Found it hard getting back into Narnia again after a two-day break. I already felt a bit under par, and by the time I'd had my tail caught in the poop deck's back doors, had it stood on later in the second act (undoing the seam again), and fallen over, flat on my face, in the storm scene (scattering chess pieces across the stage in the process) I was beginning to feel it wasn't quite my day. In the fall I came down with a clump on my left knee, which is of course would be the one that's not feeling the liveliest, and though I don't seem to have done any major damage, it's quite unhappy at the moment. I don't think I'll be adding that particular stunt to the play from here on in.
We had a large audience of schoolchildren, which was good, even though they failed to laugh at any of the real jokes. Instead they laughed at an odd line of Eustace's: There's a strange look on his face. Don't ask me why that struck anyone as funny. Who can understand the nature of audiences? I'm sure someone's done research on it somewhere, as they have done on everything from Electrolux vacuums to how many days of the year the average person sneezes on, but I doubt that they were able to come to any decent conclusions.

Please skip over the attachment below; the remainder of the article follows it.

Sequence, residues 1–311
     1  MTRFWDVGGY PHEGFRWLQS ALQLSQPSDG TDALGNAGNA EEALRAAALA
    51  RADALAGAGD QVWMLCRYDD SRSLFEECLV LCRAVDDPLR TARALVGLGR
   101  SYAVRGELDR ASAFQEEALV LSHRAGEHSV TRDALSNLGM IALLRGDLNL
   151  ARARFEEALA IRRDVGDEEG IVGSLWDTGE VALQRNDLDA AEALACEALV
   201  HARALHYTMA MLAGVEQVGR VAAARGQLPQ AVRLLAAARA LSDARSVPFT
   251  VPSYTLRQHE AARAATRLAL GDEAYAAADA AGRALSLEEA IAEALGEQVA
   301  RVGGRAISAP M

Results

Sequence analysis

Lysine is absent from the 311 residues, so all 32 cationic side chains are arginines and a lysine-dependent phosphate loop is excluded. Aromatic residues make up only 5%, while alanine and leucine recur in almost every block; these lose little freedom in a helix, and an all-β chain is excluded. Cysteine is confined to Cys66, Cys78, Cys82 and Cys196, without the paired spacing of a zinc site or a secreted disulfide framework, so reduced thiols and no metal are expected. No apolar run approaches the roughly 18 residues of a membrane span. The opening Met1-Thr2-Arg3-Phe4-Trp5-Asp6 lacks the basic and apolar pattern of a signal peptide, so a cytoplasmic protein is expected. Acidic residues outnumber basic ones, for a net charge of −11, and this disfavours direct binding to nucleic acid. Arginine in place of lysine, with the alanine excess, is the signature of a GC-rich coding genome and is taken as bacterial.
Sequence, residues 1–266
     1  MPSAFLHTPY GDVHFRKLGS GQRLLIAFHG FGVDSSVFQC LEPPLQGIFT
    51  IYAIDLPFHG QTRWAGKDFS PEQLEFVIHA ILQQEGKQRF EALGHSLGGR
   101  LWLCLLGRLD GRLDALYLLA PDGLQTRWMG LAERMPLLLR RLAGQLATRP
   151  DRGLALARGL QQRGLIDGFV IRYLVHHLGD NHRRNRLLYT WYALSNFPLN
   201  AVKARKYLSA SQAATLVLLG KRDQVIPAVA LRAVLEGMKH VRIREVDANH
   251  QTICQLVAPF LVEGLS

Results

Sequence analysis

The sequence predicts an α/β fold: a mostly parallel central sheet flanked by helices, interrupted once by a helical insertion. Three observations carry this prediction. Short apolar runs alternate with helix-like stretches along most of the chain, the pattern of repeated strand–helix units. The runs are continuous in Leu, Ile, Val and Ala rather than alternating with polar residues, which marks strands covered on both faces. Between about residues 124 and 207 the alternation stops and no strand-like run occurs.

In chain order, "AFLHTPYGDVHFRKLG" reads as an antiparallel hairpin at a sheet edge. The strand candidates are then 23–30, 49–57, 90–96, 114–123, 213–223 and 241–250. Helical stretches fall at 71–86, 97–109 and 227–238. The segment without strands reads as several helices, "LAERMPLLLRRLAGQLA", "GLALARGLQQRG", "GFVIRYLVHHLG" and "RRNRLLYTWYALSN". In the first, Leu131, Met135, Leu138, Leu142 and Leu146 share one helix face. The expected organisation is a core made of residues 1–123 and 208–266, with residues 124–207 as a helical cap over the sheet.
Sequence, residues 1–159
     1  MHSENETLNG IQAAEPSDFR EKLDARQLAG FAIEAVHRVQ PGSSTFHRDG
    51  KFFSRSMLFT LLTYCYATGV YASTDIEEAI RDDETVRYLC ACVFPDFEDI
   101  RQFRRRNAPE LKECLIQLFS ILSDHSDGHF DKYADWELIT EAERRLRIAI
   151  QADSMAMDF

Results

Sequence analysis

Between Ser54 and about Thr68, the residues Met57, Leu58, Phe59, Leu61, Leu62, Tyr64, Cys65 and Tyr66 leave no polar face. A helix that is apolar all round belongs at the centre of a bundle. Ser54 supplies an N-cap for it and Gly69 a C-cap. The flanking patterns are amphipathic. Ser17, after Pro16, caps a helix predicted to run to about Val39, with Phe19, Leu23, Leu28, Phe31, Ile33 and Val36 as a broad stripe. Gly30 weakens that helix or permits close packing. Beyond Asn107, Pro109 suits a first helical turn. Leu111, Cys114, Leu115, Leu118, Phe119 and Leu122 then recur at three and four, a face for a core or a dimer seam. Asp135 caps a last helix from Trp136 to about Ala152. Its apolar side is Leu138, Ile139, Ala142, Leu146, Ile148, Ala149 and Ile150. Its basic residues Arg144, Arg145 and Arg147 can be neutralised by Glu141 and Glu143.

Apropos of nothing above, I've just been listening to John Adams' violin concerto again (with the sound turned up - there's no one else home). It's hugely energetic in the two outer movements, though it's not always easy to feel a cohesion between the orchestra and the soloist (Adams says that'ss the way he's written it), and it must be a bit of a nightmare for the soloist to figure out where he is at any time - though admittedly he hardly ever stops playing anyway! The Chaconne is a strange piece, with the constant bass line moving at the 'pace of a glacier' (to quote Adams). The line, however, never moves consistently; as the piece progresses it gets more and more out of sync with itself, and the listener is forever thinking - whoops, they've forgotten to come in. That's part of its charm and design, no doubt, and it adds a curious edginess to the slow movement.